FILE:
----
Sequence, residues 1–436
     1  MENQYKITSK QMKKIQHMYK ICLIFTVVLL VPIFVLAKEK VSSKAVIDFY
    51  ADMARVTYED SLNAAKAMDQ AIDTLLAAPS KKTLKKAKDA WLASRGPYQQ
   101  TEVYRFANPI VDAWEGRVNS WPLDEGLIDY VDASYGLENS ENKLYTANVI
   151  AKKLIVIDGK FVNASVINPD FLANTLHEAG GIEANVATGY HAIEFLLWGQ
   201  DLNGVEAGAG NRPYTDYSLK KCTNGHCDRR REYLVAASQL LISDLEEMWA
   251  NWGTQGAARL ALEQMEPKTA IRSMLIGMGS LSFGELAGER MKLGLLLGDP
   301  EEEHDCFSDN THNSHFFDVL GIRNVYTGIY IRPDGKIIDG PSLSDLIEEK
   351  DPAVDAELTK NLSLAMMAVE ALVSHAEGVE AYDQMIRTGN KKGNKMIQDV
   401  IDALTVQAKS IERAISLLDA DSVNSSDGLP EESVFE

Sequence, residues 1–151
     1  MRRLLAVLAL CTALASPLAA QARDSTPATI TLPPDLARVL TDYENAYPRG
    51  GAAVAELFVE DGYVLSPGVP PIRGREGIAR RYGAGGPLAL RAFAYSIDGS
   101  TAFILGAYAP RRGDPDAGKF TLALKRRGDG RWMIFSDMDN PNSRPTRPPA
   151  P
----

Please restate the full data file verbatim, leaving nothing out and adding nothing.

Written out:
Sequence, residues 1–436
     1  MENQYKITSK QMKKIQHMYK ICLIFTVVLL VPIFVLAKEK VSSKAVIDFY
    51  ADMARVTYED SLNAAKAMDQ AIDTLLAAPS KKTLKKAKDA WLASRGPYQQ
   101  TEVYRFANPI VDAWEGRVNS WPLDEGLIDY VDASYGLENS ENKLYTANVI
   151  AKKLIVIDGK FVNASVINPD FLANTLHEAG GIEANVATGY HAIEFLLWGQ
   201  DLNGVEAGAG NRPYTDYSLK KCTNGHCDRR REYLVAASQL LISDLEEMWA
   251  NWGTQGAARL ALEQMEPKTA IRSMLIGMGS LSFGELAGER MKLGLLLGDP
   301  EEEHDCFSDN THNSHFFDVL GIRNVYTGIY IRPDGKIIDG PSLSDLIEEK
   351  DPAVDAELTK NLSLAMMAVE ALVSHAEGVE AYDQMIRTGN KKGNKMIQDV
   401  IDALTVQAKS IERAISLLDA DSVNSSDGLP EESVFE

Sequence, residues 1–151
     1  MRRLLAVLAL CTALASPLAA QARDSTPATI TLPPDLARVL TDYENAYPRG
    51  GAAVAELFVE DGYVLSPGVP PIRGREGIAR RYGAGGPLAL RAFAYSIDGS
   101  TAFILGAYAP RRGDPDAGKF TLALKRRGDG RWMIFSDMDN PNSRPTRPPA
   151  P